Well & Borehole camera

Video inspections in wells can detect the construction characteristics of the well: the blind and filter pipes, the respective installation depths and any variations in diameter in the hole. The television probe – which must be waterproof and resistant to the pressure generated by the water column above it – is equipped with a special wide angle lens that allows detailed diagnosis of the coating. Any anomaly may not only be highlighted at a certain depth from ground level but may also be photographed or even filmed during the investigation. Performing a video inspection can determine the causes of the most common problems that can affect a well in the course of its productive life, such as the presence of sand and a decrease in water flow. Furthermore, it can detect abnormalities such as deterioration, deformation, corrosion, cracks and excessive deposit on the bottom. The well TV camera can assess situations of risk from degradation and the appropriate measures needed to repair the well. Maintenance can therefore be conveniently scheduled according to the typical characteristics of the groundwater and resulting problems. It will also be possible to rapidly complete the missing documentation for existing wells (total depth, depth of installation of the filtering features, type of pipes and efficiency) and to check the actual conditions before performing costly repair work.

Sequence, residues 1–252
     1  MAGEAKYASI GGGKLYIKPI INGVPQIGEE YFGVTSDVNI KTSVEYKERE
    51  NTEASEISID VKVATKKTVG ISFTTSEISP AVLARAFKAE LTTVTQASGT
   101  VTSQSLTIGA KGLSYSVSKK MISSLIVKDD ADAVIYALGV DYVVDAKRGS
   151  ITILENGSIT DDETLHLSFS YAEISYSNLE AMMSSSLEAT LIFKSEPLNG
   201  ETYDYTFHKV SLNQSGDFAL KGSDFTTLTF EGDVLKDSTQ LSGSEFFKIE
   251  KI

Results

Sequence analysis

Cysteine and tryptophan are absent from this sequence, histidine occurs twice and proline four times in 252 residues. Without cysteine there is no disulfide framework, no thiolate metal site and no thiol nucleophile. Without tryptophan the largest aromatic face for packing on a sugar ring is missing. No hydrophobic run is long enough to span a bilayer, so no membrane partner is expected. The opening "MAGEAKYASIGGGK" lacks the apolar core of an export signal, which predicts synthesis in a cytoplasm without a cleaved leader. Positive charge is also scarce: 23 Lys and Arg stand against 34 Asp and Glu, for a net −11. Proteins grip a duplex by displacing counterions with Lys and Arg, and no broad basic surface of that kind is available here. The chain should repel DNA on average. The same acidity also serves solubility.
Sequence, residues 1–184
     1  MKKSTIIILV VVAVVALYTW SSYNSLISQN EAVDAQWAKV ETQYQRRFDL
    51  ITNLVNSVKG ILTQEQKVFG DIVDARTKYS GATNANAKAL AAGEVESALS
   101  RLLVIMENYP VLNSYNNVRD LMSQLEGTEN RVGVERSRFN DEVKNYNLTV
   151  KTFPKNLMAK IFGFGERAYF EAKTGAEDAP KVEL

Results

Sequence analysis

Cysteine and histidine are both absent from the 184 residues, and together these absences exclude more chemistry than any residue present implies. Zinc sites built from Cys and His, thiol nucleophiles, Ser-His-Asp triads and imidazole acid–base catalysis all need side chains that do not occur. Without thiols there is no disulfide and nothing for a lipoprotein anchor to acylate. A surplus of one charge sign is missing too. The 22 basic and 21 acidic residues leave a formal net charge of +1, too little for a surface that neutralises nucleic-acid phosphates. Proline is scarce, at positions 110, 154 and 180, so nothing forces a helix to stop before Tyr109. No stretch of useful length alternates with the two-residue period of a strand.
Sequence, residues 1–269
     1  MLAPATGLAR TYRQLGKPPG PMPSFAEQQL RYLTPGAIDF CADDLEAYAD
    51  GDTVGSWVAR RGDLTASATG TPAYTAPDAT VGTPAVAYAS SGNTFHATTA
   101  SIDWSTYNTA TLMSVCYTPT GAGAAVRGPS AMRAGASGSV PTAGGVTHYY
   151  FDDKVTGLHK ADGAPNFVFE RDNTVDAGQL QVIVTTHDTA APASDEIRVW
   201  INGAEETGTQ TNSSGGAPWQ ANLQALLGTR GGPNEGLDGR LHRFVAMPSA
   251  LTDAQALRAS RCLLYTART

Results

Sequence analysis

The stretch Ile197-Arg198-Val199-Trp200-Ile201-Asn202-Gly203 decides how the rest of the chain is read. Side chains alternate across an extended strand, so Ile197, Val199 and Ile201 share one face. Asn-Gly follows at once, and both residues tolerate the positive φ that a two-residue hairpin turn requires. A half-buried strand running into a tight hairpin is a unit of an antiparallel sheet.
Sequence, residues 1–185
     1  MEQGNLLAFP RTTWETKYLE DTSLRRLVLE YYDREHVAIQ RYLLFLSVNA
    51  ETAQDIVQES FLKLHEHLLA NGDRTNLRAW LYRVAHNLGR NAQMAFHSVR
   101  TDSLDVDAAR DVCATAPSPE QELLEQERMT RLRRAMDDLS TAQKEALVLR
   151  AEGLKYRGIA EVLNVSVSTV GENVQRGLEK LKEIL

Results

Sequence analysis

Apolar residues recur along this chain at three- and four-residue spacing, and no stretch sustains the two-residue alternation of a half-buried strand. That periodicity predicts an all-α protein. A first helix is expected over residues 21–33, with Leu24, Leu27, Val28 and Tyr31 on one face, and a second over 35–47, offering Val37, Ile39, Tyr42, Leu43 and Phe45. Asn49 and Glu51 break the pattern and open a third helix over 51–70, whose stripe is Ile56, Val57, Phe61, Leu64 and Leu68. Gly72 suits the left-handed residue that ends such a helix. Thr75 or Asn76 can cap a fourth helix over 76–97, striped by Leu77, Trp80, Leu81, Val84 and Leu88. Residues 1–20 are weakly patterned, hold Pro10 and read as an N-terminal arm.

In the case of applications in boreholes or other kinds of holes, characterised by horizontal rather than vertical development, it is necessary to use borehole TV cameras with even more compact dimensions, especially those equipped with a “push-rod” system: this is a special fibreglass cable wound around a special roller reel which – mounted on the head of the TV camera via an adapter – provides a thrust to the camera which allows it to move progressively into the hole.

If visual inspections are carried out in small holes in buildings and constructions in general, the smaller size becomes indispensable. It is then important to use miniature instruments called endoscopes, characterised by a head with a diameter of just a few millimetres and fibre optic cables for transmitting the image that are no more than a few metres long.

Back to top